The Fort Lowell Round-Up

by Mark Anderson
Senior Editor

Although Fort Lowell Records and it’s founder James Tritten may have moved to North Carolina from Tucson, that does not mean they’re still not “releasing damn good music on vinyl.” Far from it. This year was a busy one for Fort Lowell, especially as it moves more into the publicity realm of things and steps up its collective game as a label. We’ve always enjoyed Fort Lowell releases and this year was no exception. However, as we focused more on the West this past year, Fort Lowell was pushed a bit to the wayside. Well nuts to that. Fort Lowell Records & Publicity released no less than 4 albums this past year and I needed to take a moment to recognize that. You should do the same.


amor 01Naïm Amor

Hear the Walls

So first off, Hear the Walls is a must hear. I mean it. Go to Fort Lowell’s website and buy it immediately. OK, maybe you want to hear it first. You can do that here. Happy now? You could’ve just straight up bought it though and not wasted any time listening to it first. All jokes aside, Hear the Walls is Naïm Amor’s finest work to date. A French musician living in Tucson, Mr. Amor is not new to recording and releasing albums. The sparse, eloquent instrumentation behind Naïm’s voice is so perfect, you don’t want the album to stop. Eventually it does however and you simply have no choice but to flip it over and start it again. Do yourself a favor and check out Hear the Walls here.


kim ware 01the Good Graces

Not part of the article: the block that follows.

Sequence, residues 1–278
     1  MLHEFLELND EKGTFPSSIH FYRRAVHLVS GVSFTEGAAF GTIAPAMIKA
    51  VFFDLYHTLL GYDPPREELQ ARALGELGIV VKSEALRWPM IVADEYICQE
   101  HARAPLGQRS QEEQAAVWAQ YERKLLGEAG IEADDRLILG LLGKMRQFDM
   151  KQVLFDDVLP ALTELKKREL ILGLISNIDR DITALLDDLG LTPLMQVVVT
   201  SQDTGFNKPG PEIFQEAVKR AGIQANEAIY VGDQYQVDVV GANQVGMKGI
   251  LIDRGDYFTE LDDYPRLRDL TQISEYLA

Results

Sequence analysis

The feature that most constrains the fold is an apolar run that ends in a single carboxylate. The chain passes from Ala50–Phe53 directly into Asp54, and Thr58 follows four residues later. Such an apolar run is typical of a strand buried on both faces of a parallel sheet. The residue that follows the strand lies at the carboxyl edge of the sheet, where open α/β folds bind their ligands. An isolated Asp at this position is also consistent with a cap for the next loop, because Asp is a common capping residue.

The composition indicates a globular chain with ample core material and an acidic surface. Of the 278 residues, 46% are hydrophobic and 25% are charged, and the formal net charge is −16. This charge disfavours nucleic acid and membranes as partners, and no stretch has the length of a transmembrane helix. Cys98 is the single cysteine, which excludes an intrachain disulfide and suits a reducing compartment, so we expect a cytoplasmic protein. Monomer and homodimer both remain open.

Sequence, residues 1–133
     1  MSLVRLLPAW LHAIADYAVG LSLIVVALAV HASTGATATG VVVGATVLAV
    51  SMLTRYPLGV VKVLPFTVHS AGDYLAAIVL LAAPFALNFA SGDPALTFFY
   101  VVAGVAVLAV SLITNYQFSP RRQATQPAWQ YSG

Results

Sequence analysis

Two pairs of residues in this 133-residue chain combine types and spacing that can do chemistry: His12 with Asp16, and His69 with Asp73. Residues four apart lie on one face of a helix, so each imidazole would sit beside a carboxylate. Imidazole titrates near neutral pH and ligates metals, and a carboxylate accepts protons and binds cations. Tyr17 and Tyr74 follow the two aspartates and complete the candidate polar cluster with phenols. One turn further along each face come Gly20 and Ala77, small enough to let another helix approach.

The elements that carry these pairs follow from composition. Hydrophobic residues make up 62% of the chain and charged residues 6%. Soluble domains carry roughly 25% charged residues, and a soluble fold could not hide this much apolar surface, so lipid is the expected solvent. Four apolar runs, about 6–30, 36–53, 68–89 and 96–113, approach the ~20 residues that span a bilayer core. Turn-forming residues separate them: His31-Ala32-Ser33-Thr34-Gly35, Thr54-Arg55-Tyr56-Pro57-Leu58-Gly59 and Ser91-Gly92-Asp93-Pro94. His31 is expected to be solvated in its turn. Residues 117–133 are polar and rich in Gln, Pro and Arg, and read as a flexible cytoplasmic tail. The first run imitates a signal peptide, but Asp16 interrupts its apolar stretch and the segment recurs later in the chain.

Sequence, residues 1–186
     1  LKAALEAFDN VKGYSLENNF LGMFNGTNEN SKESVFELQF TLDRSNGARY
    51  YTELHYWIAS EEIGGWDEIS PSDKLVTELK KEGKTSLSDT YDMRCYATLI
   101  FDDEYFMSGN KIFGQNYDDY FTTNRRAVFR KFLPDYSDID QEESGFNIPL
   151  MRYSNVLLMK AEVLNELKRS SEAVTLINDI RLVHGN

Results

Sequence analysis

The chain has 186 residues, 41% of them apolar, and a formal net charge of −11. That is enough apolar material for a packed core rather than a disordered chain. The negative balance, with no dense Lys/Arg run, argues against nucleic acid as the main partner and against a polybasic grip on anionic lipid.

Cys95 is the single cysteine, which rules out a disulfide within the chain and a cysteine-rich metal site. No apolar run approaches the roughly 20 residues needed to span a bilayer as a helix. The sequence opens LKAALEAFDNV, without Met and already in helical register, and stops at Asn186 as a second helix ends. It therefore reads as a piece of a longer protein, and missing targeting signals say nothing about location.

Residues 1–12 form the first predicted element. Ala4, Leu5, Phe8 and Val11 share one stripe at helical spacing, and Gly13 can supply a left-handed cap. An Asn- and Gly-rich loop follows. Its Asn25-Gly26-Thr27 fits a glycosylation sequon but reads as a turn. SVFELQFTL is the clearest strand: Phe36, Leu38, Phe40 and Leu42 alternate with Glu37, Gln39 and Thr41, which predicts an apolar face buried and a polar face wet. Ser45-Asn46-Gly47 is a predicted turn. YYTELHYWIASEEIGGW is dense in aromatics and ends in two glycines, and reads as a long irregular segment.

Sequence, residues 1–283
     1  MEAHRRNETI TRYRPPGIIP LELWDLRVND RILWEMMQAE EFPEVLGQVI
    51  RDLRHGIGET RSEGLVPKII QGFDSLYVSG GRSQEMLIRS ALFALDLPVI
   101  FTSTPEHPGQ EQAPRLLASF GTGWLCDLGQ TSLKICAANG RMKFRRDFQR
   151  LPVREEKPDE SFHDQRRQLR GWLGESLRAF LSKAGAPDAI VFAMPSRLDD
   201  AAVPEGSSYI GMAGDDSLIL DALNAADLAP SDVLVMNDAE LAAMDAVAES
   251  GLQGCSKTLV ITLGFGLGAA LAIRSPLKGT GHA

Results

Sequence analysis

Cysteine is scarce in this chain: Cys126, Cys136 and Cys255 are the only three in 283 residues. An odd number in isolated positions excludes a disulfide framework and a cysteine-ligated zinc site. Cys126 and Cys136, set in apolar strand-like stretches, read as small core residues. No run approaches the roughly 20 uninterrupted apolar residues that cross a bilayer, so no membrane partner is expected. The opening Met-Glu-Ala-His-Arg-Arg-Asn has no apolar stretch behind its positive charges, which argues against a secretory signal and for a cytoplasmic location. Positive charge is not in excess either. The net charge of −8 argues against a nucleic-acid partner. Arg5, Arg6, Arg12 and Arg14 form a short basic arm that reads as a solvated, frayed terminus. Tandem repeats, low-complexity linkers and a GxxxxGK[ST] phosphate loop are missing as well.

Close to the Sun

Based out of Atlanta, the Good Graces’s Kim Ware has released quite a few albums over the years, but this is her first on sweet vinyl. Released in September, Close to the Sun opens with “I Don’t Know Where to Start”, immediately setting a mellow and inviting pace from the indie-folk outfit, but it was the second track, “Cold in California”, that had me sold. Fans of folk should definitely settle into the 11-tracks heard on Close to the Sun for a modern rendition of the genre. Ware is a singer-songwriter reaching beyond the confines of that label. the Good Graces creates songs that are both pensive and dreamy on Close to the Sun. Listen here and consider making that vinyl purchase!


moyamoya 01moyamoya


moyamoya are an instrumental band whose only genre may in fact just be “instrumental.” While it’s opening track “sorry i called you he-man” seamlessly moves in and out of intricate, clean melodies then into a hardcore blast music, it pushes towards 9 minutes. I’m not saying they immediately alientate listeners, moyamoya simply get straight to the point of who they are and what they’re trying to create: badass, technical, instrumental music. If this sounds up your alley then “spring guide to fashion”, “open letter to a football hero”, “i don’t need an advocate, i need an exorcist” and the rest of their cleverly titled songs are for you. Get lost in the sound here.


la cerca 01La Cerca

Sunrise For Everyone

Released in July, Sunrise For Everyone should be on everyone’s list if you’re into indie alternative dream-pop. The first track “Arizon” grabs your hand as you begin your journey down the sonic river presented by La Cerca. The title track and “Sorry XO” carry you beautifully before “The First One”, “Weather Festival”, and “Dream Continues” pick up the tempo to really get you moving. The songwriting is well-honed and executed on Sunrise For Everyone and Andrew Garner and co. have released a modern Tucson classic. Check out Sunrise For Everyone here.

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